Future Value (FV)

What it is:

Future value (FV) refers to a method of calculating how much the present value (PV) of an asset or cash will be worth at a specific time in the future.

How it works/Example:

There are two ways of calculating future value: simple annual interest and annual compound interest.

Future value with simple interest is calculated in the following manner:

Future Value = Present Value x [1 + (Interest Rate x Number of Years)]

For example, Bob invests $1,000 for five years with an interest rate of 10%. The future value would be $1,500.

Future Value = $1,000 x [1 + (0.1 x 5)]
Future Value = $1,000 x 1.5
Future Value = $1,500

Future value with compounded interest is calculated in the following manner:

Future Value = Present Value x [(1 + Interest Rate) Number of Years]

For example, John invests $1,000 for five years with an interest rate of 10%, compounded annually. The future value of John's investment would be $1,610.51.

Future Value = $1,000 x [(1 + 0.1)5]
Future Value = $1,000 x 1.61051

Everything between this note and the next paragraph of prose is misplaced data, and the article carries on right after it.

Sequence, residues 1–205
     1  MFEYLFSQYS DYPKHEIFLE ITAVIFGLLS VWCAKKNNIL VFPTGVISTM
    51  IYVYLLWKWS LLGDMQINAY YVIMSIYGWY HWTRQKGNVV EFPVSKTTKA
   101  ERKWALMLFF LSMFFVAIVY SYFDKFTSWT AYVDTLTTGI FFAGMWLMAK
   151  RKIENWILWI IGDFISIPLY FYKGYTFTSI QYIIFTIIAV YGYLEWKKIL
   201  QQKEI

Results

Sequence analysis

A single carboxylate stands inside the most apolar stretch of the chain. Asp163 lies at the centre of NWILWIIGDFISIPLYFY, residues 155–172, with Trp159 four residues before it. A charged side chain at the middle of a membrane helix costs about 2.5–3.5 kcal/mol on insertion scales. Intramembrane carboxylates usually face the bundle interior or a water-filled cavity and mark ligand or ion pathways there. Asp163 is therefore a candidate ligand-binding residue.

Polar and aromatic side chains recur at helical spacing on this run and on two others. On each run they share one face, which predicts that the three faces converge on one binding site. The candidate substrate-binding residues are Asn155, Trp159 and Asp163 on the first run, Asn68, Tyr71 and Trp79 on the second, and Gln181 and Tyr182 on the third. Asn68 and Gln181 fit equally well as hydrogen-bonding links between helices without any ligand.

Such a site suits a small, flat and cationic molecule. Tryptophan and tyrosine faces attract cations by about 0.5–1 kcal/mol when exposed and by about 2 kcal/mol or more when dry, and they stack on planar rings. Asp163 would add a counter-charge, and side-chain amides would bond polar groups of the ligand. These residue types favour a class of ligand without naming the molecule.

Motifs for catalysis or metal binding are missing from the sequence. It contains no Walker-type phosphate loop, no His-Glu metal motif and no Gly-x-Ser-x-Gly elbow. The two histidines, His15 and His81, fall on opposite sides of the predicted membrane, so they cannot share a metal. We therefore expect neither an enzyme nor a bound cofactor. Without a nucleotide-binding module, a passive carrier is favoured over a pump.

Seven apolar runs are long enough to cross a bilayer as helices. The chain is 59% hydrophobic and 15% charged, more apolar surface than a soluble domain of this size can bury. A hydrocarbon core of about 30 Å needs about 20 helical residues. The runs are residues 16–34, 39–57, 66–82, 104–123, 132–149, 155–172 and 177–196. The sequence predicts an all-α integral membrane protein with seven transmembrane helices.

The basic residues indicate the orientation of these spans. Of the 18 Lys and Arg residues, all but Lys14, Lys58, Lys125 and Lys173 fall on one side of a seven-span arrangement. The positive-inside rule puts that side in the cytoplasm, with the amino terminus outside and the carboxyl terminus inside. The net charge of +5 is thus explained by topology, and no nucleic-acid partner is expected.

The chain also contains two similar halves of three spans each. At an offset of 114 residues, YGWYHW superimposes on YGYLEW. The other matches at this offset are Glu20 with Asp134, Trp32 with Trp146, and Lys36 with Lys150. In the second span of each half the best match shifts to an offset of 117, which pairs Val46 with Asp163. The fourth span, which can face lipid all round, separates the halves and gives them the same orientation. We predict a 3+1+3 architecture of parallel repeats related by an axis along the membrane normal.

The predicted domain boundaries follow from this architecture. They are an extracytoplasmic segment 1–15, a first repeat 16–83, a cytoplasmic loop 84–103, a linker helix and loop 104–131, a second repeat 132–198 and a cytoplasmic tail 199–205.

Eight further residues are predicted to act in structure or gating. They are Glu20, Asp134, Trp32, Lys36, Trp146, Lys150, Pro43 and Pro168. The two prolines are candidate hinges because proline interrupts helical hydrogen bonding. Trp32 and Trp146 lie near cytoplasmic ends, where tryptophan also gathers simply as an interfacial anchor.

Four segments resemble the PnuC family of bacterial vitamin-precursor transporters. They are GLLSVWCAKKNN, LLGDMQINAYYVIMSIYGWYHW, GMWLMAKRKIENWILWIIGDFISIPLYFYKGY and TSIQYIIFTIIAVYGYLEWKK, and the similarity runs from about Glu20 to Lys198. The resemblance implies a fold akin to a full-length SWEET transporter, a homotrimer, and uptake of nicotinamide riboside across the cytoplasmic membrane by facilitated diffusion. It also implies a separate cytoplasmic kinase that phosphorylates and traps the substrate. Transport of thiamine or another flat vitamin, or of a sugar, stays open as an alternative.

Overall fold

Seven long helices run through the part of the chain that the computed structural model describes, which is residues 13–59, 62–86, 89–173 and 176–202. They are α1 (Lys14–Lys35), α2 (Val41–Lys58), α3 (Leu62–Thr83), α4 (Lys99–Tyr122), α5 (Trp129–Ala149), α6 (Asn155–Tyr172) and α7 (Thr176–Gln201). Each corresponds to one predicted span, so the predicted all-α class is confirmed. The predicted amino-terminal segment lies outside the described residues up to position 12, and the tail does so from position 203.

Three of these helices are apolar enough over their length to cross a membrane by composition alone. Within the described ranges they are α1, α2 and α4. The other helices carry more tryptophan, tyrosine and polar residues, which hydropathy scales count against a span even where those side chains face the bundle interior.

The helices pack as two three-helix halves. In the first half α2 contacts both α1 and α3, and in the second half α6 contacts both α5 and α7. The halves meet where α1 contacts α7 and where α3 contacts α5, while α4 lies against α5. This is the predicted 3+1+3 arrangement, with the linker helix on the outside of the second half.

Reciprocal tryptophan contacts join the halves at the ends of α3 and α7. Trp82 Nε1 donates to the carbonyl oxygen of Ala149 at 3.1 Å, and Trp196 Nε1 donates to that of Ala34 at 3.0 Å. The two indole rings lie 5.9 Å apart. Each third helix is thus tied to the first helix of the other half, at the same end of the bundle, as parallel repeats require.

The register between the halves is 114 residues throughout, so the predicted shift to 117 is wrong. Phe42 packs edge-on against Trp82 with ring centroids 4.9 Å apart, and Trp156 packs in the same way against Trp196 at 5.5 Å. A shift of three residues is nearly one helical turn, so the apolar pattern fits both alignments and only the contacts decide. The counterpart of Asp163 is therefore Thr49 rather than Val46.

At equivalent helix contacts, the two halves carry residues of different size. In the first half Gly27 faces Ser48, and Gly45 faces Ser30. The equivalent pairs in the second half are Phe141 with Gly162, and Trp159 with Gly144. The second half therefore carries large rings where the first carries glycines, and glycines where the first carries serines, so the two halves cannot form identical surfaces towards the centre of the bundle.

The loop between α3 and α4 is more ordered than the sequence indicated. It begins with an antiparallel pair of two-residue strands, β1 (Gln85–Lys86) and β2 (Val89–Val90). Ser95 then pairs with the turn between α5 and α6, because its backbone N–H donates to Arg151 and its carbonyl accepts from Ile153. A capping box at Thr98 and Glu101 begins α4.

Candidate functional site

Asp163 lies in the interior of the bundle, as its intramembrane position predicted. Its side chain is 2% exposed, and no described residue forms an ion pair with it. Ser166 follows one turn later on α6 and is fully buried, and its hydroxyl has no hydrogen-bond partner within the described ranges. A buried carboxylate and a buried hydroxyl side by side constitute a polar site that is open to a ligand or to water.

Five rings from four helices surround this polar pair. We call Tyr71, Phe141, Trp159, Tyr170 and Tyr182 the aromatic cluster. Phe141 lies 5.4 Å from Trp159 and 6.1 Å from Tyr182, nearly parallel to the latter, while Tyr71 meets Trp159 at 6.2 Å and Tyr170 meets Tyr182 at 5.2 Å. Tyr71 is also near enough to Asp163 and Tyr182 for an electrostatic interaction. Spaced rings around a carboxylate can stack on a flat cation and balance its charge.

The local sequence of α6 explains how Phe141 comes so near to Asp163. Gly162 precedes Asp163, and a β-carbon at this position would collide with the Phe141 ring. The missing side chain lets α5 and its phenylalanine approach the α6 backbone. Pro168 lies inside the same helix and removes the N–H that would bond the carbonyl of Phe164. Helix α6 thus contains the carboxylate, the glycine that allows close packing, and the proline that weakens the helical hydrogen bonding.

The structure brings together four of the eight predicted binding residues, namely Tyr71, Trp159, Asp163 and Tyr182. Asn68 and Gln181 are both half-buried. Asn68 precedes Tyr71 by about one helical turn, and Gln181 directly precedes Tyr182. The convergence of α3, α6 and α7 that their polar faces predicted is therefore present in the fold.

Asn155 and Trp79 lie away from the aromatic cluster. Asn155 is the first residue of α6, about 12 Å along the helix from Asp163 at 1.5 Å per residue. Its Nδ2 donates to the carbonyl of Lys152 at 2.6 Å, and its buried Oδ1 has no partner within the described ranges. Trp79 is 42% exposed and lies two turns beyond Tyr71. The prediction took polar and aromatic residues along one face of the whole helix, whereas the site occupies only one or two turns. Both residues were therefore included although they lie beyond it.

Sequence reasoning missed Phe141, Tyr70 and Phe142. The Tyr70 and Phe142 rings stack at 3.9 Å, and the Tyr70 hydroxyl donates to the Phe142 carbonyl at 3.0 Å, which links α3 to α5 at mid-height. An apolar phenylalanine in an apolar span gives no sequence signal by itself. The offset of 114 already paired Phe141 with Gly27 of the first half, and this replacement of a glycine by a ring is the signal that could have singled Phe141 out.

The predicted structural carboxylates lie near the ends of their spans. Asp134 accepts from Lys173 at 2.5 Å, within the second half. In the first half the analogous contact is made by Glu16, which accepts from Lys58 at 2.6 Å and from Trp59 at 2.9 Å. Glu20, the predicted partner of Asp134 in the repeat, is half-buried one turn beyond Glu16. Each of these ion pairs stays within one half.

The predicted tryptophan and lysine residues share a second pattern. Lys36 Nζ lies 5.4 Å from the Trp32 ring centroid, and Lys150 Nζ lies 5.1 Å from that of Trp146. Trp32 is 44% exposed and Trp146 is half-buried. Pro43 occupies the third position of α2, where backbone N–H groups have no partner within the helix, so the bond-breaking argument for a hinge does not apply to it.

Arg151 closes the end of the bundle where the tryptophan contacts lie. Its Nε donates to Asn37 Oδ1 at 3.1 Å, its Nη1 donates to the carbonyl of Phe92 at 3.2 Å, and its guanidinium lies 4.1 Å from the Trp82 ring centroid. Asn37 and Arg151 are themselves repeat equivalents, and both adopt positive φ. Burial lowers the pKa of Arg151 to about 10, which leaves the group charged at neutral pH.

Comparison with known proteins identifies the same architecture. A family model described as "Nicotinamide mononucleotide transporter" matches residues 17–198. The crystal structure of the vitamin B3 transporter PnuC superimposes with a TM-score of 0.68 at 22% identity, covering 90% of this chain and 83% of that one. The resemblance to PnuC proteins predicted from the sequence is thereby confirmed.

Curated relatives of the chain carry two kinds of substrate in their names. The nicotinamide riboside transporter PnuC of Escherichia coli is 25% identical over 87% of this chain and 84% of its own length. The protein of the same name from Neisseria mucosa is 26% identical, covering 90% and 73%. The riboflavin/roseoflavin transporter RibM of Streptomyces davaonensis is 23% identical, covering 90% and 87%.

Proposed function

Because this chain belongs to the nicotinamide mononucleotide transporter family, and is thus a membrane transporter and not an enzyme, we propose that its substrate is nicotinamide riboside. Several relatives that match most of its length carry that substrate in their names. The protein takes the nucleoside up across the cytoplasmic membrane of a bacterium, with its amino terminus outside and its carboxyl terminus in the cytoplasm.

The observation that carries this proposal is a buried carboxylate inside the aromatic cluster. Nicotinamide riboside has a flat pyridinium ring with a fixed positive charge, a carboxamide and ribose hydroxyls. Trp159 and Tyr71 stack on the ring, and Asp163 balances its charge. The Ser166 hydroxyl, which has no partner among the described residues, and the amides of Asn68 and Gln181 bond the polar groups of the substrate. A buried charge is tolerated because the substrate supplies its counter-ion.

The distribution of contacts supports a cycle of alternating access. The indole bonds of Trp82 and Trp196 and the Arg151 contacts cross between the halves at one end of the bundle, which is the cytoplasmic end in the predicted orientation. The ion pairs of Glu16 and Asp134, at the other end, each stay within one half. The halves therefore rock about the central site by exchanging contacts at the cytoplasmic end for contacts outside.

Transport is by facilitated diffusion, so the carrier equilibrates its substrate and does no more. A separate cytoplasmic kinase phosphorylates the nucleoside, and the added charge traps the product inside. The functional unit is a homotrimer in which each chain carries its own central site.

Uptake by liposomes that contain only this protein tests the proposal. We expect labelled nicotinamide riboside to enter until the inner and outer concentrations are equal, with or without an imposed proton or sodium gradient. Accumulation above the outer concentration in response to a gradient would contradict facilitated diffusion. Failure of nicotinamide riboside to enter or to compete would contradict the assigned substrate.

Future Value = $1,610.51

It is important to remember that simple interest is always based on the present value, whereas compounded interest means that the present value grows exponentially each year.

Why it Matters:

Although calculating future value has its benefits, it is important to remember that future value does not include adjustments for inflation, fluctuating interest rates or fluctuating currency values that are likely to affect the true value of money or assets in the future.

Best execution refers to the imperative that a broker, market maker, or other agent acting on behalf of an investor is obligated to execute the investor's order in a way that is most advantageous to the investor rather than the agent.